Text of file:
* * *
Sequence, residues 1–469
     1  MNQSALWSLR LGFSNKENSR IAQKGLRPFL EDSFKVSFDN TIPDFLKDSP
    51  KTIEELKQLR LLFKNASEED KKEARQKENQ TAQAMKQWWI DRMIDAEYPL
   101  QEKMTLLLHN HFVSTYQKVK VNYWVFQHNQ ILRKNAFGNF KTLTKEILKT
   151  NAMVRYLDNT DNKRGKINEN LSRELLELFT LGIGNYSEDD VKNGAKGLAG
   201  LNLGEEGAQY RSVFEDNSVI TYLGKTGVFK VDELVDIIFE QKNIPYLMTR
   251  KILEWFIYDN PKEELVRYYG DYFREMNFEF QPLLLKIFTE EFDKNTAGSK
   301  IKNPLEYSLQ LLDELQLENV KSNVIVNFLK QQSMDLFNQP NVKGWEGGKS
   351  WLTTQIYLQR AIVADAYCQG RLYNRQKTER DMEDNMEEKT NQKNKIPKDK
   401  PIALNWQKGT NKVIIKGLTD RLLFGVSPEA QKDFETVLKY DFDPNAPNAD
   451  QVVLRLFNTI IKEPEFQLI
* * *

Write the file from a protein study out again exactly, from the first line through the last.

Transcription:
Sequence, residues 1–469
     1  MNQSALWSLR LGFSNKENSR IAQKGLRPFL EDSFKVSFDN TIPDFLKDSP
    51  KTIEELKQLR LLFKNASEED KKEARQKENQ TAQAMKQWWI DRMIDAEYPL
   101  QEKMTLLLHN HFVSTYQKVK VNYWVFQHNQ ILRKNAFGNF KTLTKEILKT
   151  NAMVRYLDNT DNKRGKINEN LSRELLELFT LGIGNYSEDD VKNGAKGLAG
   201  LNLGEEGAQY RSVFEDNSVI TYLGKTGVFK VDELVDIIFE QKNIPYLMTR
   251  KILEWFIYDN PKEELVRYYG DYFREMNFEF QPLLLKIFTE EFDKNTAGSK
   301  IKNPLEYSLQ LLDELQLENV KSNVIVNFLK QQSMDLFNQP NVKGWEGGKS
   351  WLTTQIYLQR AIVADAYCQG RLYNRQKTER DMEDNMEEKT NQKNKIPKDK
   401  PIALNWQKGT NKVIIKGLTD RLLFGVSPEA QKDFETVLKY DFDPNAPNAD
   451  QVVLRLFNTI IKEPEFQLI